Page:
was originally called Castle Street East.
belongs historically to two freehold estates: the Cavendish–Harley or Portland estate west of Wells Street
, and the Berners estate to its east. Some forty years separate the two phases of its development, as the former properties were built up from the 1720s, the latter not until the 1760s. Today that difference counts for little, as all the early buildings have gone.
William Thomas, steward of the Marylebone estate had a difficult job in the 1720s and 1730s. The local streets were being built and he had many issues with their builders. He had further problems with more noble personages in the form of the Duke of Chandos who had to be rebuked about the location of his sewers, as well as about a smelly dunghill on his land north of Cavendish Square
He wrote of his exasperation with managing the estate and one of his main antagonist was William Long who was extracting gravel north of Oxford Street
. Long stubbornly kept his pit going and opposed all development. Only in the late 1730s did the end of Eastcastle Street
get laid out over the former gravel works.
On the Cavendish–Harley portion, building started around 1721, scarcely later than at the west end of Castle Street near Cavendish Square
. From that date the old Adam and Eve
alehouse close to Wells Street
and its long garden down to Oxford Street
were being cut up and replaced with houses by John Blackman, bricklayer, and others, with houses on both sides of the frontage and smaller ones down the west side of Adam and Eve
Along the north side, where the plot-sizes are still recognisable, building had reached westwards from Wells Street
up to the present No. 27 by about 1727. The remaining frontage up to Great Titchfield Street
and Oxford Market could not be addressed until a dispute was settled between the Cavendish–Harley authorities and the brewer William Long, whose lease of 1695 covered the land over which this part of Castle Street was to run. That happened in 1737, when Long acquired a new lease and arranged with Francis Tredgold, carpenter, to develop both sides of the street. Rocque’s 1740s map suggests that it may have been Long’s and Tredgold’s intention to prolong Winsley Street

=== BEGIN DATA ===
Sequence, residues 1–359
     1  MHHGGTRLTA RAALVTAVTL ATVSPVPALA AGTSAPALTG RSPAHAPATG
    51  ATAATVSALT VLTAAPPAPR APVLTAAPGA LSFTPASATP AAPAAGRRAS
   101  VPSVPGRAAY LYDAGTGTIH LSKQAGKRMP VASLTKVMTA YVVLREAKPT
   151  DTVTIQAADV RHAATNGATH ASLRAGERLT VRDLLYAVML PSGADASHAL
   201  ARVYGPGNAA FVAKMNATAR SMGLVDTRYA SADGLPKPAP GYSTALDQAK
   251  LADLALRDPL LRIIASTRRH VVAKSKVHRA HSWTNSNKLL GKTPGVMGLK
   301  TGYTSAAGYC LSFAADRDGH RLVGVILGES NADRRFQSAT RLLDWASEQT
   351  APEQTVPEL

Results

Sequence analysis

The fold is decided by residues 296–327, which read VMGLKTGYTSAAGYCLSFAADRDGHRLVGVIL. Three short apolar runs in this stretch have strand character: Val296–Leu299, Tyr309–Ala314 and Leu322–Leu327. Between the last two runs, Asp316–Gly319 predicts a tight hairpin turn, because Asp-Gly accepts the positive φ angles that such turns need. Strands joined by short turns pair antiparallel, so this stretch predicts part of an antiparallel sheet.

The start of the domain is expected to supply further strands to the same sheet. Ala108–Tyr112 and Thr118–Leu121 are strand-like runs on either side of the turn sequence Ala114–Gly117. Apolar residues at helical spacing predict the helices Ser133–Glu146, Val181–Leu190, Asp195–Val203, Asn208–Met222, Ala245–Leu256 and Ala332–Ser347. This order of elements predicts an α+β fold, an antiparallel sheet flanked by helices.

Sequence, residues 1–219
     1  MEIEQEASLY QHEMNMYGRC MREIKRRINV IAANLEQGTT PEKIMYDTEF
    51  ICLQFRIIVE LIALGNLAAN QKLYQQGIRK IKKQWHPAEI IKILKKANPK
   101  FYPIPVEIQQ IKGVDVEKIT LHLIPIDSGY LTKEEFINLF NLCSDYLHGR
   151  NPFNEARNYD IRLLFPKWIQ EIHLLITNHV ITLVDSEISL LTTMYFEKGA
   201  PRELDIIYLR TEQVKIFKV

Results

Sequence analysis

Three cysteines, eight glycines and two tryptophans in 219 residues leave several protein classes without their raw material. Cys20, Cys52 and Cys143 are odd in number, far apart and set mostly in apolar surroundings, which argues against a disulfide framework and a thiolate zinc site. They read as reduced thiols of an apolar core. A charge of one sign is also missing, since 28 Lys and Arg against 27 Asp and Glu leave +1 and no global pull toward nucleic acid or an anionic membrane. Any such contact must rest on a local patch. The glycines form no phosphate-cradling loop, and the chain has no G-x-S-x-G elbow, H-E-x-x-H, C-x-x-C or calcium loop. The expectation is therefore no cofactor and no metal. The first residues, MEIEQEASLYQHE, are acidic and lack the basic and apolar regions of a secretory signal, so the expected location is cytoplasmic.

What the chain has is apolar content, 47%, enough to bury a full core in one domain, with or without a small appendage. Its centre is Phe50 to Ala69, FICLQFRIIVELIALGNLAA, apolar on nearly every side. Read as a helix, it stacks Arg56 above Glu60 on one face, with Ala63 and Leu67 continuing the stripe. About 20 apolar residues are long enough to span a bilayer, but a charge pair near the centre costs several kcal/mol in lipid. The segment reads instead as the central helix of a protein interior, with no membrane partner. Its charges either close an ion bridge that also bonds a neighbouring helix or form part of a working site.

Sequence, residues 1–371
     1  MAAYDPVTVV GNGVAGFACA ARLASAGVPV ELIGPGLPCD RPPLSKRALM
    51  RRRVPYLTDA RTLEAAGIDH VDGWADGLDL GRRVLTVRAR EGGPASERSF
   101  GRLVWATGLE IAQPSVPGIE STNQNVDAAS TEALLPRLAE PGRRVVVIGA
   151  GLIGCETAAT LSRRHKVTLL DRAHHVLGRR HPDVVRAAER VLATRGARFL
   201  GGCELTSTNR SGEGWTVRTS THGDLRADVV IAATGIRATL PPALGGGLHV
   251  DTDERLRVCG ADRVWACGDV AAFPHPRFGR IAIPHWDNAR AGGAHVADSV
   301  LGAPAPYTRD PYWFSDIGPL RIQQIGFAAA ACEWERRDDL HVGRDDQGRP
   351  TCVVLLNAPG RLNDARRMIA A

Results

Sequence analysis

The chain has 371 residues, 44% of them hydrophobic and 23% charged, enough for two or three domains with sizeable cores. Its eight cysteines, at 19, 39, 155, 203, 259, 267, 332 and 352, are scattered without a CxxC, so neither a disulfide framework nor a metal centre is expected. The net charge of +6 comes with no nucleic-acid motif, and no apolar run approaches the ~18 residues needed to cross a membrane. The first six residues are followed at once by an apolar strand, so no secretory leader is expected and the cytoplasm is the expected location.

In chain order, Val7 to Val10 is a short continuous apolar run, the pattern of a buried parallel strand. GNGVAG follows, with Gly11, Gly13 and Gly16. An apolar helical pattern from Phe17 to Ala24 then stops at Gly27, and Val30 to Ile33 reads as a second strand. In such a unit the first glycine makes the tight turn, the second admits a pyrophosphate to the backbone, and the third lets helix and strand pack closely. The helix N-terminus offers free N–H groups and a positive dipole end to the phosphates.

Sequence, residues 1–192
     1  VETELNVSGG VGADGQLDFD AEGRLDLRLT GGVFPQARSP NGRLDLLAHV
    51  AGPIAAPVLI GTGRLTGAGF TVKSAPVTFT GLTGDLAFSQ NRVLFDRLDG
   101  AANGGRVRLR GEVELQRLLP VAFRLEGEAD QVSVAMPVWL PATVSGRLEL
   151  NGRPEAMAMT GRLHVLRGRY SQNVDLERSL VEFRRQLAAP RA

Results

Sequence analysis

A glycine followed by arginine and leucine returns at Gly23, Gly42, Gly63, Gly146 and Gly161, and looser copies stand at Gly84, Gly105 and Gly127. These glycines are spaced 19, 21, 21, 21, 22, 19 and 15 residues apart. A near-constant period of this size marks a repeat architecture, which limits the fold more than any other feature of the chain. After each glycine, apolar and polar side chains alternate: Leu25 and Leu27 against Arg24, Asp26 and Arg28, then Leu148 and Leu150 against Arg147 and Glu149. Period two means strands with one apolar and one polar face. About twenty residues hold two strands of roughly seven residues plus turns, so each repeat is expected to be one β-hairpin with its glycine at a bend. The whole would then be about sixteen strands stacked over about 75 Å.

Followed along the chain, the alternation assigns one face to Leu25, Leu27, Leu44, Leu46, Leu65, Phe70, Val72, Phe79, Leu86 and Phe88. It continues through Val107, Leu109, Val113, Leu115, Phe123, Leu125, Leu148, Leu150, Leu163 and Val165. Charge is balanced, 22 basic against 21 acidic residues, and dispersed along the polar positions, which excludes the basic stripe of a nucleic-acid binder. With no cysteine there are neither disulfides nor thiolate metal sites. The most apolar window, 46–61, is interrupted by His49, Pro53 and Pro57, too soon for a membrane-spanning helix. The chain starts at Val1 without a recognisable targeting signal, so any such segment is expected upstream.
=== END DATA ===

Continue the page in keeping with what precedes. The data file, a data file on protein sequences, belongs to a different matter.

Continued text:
northwards from Castle Street as far as Margaret Street
, but if that was ever considered it was soon abandoned, allowing the northern frontage of the street to join up with the earlier portion.
Entrances to mews or yards gave access to Berners Mews
and Castle Court (later united with Wells Mews
) on the north side, and to Newman Mews and Castle Mews on the south.
Street directories show a mixed array of trades all along Castle Street East in the 1820s–40s, with tailors and dressmakers represented but far from dominant. One of the largest concerns belonged to William Leader, a coachmaker, who owned two separate premises behind the south side, and in 1822 was in treaty with Marylebone Vestry and the Portland authorities to sell part of his ground for a church site, but like similar initiatives of the time it came to nothing.
There were two pubs on the north side, the White Horse
at No. 21 and the Marquis of Granby at 33, and two on the south, the Princess Victoria and the Berwick Arms, at Nos 60 and 69 respectively.32 The Princess Victoria took its name from the Princess’s Theatre, which had been formed in 1835 out of the unsuccessful Queen’s Bazaar behind Oxford Street
and included a small hall at the back accessible from Castle Street East. The theatre came to dominate the whole south side block between Winsley Street
and Adam and Eve